Traditional zulu ceramics

Traditional zulu ceramics

The history of traditional Zulu ceramics is not perfectly understood.   Until the middle of the 19th century basketry was probably the principle type of container used by the Zulu including containers for liquids.  Archaeological shards discovered in areas currently occupied by the Zulu suggest that pottery making is ancient but few shards of blackened vessels – now considered ‘classic’ Zulu ceramics – have been discovered.  As Zulu culture evolved from basically a pastoral one to one of large concentrations of permanent settlements the need for durable vessels fostered pottery making. By the end of the 19th century the tradition of blackened ( reduction-fired ) vessels was well established. Photos of the Zulu court taken near the turn of the 19th century show many well -made large beer vessels (ukhamba) on display.
 
Zulu vessels are made of earthenware clay; an iron-rich clay that matures at a relatively low temperature.   Most traditional ceramics the world over are made of earthenware.   Firing earthenware does not require a kiln.  Pots can be fired in the open with readably available fuel. In the case of contemporary Zulu potters this fuel is often the dried leaves of giant aloe plants. Firing is rapid and dramatic and requires great skill to ‘read’ the smoke and flames.
 
Zulu pottery, traditionally the craft of women, is hand-built rather than thrown on a potter’s wheel. The superb balance and perfect symmetry of many Zulu vessels is only possible by years – and generations – of potting.  In general the making of Zulu pots is very low-tech and very high skill.
 
The clay is dug by hand from a suitable site – often a considerable distance from the potter’s home. It is dried, ground into a fine powder and cleaned of any organic material, stones, or other impurities.  Following this very laborious process it is mixed with water to the appropriate consistency and often aged.  Each potter has a distinct ‘hand’ that may reflect slight differences in the process of making the vessel. Generally the process involves building up the walls of the vessel by adding thick coils of clay, one atop each other, blending them together, and smoothing the surface which may include scrapping the interior to thin the walls.  When the pot is partially dry – about leather-hard – the potter will decorate the surface with appliqué designs ( amasumpa) or etched fine-line patterns.  After all decoration is finished the outer surface is polished with a smooth stone or metal tool.  This compresses the clay molecules and produces a hard, shiny, durable surface.  After carefully drying the pot it is fired.   If it is to have a blackened surface it is fired twice; once in an oxidation firing that results in a red surface and once in a reduction firing that darkens the surface. The later involves introducing an excess of fuel during the firing in which case the necessary oxygen required for combustion is drawn from the clay rather that the atmosphere. Iron turns black in such a firing.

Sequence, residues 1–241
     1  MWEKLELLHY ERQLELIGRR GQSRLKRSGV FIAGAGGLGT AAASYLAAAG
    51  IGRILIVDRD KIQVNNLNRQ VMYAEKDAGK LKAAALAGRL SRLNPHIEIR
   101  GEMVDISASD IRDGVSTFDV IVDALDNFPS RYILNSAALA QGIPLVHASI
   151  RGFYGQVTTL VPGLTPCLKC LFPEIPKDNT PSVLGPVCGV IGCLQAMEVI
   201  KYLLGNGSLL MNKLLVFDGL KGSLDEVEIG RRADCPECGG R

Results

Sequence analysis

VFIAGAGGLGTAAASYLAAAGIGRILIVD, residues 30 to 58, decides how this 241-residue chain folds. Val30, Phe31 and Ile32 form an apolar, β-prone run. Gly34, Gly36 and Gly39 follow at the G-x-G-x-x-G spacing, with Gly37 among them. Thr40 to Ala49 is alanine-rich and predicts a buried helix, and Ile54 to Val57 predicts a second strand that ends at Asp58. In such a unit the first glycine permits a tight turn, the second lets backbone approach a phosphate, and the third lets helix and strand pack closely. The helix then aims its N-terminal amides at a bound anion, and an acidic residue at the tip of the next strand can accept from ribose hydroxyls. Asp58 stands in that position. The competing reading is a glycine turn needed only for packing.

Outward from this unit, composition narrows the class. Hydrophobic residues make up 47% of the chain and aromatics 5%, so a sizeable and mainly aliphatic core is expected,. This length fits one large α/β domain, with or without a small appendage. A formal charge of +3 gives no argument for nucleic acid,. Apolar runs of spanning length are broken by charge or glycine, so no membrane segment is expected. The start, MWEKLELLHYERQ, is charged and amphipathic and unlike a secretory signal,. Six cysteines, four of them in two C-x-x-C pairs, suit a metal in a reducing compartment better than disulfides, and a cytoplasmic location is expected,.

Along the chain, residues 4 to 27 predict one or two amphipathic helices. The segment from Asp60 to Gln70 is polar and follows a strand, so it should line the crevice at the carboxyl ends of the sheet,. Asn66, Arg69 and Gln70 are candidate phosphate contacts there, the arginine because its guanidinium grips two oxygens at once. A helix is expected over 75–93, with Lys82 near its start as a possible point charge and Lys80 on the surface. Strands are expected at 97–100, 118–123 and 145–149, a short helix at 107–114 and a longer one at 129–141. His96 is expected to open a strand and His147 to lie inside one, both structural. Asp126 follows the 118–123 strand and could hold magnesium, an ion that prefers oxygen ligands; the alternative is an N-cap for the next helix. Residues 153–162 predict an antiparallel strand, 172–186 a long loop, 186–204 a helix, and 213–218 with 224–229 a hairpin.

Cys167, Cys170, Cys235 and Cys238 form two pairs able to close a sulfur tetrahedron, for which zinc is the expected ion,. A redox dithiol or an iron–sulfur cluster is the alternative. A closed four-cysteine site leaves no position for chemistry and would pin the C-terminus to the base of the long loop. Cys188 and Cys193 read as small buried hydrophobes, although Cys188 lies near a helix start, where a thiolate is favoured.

Several different types of vessels were made to supply the traditional market.  Not all women were potters.  Many supplied vessels upon commission or sold their wares in regional markets.  Blackened vessels were reserved for ceremonial use whereas red vessels were utilitarian.   This exhibition contains mostly ukhamba – vessels used for the ceremonial serving of beer in honor of ancestors and other special ceremonies.  There is also one example of an izimbiza – the very large reddish vessel used for brewing the beer.  Several of the huge, pumpkin-shaped vessels in this exhibition were commissioned for weddings.  The thinness of the walls, the symmetry of the forms and the sheer size of each vessel are remarkable among contemporary Zulu wares.
 
We first began collection Nzuza’s vessels approximately ten years ago without knowing, at that time, that they were made by her.   All the pots were purchased from other Zulu households that had purchased them from Nzuza in the past.  Later, after identifying Nzuza as the maker, her daughter became instrumental in finding old pots that her mother had made.  David Roberts, a Durban- based South African with a deep knowledge of Zulu culture, was the first to systematically seek out and collect Nzuza’s pottery with the assistance of Nzuza’s daughter and a Zulu colleague.  In this process he became a close and trusted friend of Nzuza.  We visited Nzuza in her remote traditional kraal in January of 2017 where we were welcomed warmly and enthusiastically.  This is the first comprehensive exhibition of her work.   A portion of the proceeds of sales from this exhibition will be given to Nzuza or an institution she favors.
 
 
Further Reading:
 
Jolles, Frank. Zulu Beer Vessels.  Kranj: Gorenjski  tisk storitve,2015
 
Perrill, Elizabeth. Zulu Pottery. San Michael: Print Matters, 2012
 
Zaloumis, Alex. Zulu Tribal Art. Cape Town: AmaZulu Publishers, 2000